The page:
Different methods to upgrade SQL Server 2005 to 2008

Hi All,
I have number of Oracle & SQL server 2005/2008 databases. I used to work with SQL server part time but seems I need to take care of them full time on our new upgrade project.
The latest work stack demands upgrading SQL server databases from 2005 to 2008. I have number of systems ranging from 10 GB to 200 GB and I am looking for a practical advice. I have done upgrade of some small dev 2005 databases by using detach/attach technique but not sure if I should try that on big database systems?

Is it also possible to upgrade the PROD systems with almost no downtime?
We use SQL server Analysis/Integration & reporting services. What do I need to do for them besides upgrading the software?
Can I run SQL server 2005/2008 on same box? I am thinking this because in case the upgarde fails I can go back to old 2005 version easily.

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Kevin CrossConnect With a Mentor Chief Technology OfficerCommented:
You don't want to backup the server, i.e., the registry for this, you just want to backup the database unless I am mistaking your intent. If you use the SMO option on the Copy Database Wizard it will leave the current database online ... but that is not necessarily a good thing as that means you can get more changes after the copy that you need to account for. Therefore, at some point you will need to take an outage from users perspective to ensure that they do not make any more changes. That way you can cleanly cut over without losing data. If you do an in place upgrade, you will have to take an outage, If you do detach and attach, you will have to take an outage. If you build a whole new server, but then want to swap out the server name/ip addresses after, you will need to take an outage. You get the point. You are doing a server migration. Unfortunately that involves some outage or impact to the users .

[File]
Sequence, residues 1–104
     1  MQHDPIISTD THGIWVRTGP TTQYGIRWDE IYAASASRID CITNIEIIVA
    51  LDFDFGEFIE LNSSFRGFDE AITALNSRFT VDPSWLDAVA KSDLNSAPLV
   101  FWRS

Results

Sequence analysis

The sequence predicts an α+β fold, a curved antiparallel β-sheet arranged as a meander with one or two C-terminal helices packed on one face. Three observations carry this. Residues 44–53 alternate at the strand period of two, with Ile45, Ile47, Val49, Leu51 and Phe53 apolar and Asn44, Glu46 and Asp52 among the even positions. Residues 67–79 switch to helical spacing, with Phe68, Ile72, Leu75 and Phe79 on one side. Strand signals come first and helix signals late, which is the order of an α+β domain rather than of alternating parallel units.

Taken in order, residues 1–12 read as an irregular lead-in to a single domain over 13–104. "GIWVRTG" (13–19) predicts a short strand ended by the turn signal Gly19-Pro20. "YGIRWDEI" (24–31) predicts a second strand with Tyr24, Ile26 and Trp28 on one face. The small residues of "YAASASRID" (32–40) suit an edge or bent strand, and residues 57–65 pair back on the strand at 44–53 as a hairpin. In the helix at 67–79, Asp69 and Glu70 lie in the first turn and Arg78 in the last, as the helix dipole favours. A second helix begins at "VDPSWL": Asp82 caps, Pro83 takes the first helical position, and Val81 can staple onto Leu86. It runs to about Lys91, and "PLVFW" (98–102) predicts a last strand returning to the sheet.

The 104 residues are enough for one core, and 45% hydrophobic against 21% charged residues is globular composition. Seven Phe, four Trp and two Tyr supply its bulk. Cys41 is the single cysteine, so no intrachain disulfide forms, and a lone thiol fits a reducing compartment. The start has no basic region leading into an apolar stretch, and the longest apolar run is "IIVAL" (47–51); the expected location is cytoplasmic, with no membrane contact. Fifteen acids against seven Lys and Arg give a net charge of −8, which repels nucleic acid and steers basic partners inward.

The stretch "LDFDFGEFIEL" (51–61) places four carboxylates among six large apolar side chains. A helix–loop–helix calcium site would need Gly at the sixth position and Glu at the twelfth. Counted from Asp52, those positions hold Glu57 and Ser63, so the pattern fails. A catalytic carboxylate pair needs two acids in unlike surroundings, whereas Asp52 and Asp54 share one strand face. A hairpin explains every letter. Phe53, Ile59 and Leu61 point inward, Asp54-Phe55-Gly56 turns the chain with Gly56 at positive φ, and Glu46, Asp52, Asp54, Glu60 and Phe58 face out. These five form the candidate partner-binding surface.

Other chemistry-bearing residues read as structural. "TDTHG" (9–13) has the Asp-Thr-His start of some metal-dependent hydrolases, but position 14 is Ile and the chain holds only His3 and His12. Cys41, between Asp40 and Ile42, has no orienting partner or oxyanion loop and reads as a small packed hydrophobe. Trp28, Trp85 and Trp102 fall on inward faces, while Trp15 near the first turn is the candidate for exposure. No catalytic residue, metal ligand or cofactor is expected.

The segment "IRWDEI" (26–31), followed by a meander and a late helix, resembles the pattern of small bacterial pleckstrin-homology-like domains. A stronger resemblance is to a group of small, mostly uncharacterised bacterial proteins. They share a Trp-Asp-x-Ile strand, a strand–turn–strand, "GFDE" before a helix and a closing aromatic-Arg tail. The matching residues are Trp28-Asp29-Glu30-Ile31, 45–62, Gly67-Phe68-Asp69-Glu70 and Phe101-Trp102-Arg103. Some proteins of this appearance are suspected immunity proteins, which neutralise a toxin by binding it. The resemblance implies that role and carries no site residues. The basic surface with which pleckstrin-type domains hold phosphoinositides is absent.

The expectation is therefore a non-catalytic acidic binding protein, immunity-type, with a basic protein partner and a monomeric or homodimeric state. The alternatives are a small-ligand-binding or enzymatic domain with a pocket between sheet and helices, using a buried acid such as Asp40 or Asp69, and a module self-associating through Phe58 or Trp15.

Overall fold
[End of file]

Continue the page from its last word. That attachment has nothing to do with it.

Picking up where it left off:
An alternative that comes to mind is to bring up the new system and the users run in parallel, so you do have a cut over still but the users will have contiguous flow though with lots of effort on their part to load new client and ensure they dual enter information unless you take an outage on the original box once they are up and running on the new one and do a final copy. Depending on how much the data being entered needs to be looked at real-time, this may be viewed as an outage.

Hope that helps. Sorry it is not what you wanted to hear, but its how I know this to be done. Since you are on VMWare, there may be some VM-level tricks you can use to spin up a new instance that is identical but given you have to do a SQL install/upgrade at some point, i.e., you need an upgrade copy and not just a copy, that likely has a small downtime window as well ...

Good luck!

Kevin CrossChief Technology OfficerCommented:
Yes, you can have multiple instances on the same server and those instances can be different versions; therefore, one question is do you need for the new instance names to match the old ones for application purposes?

If not, you could install new SQL 2008 instances and then restore backups of your current production databases there for testing. Once you feel comfortable everything will work and/or create the necessary upgrade scripts, i.e., ALTER statements you can take an outage and move or use same method (take new snapshot/backup and restore) thus retaining SQL 2005 instance that you can just stop or disable logins to.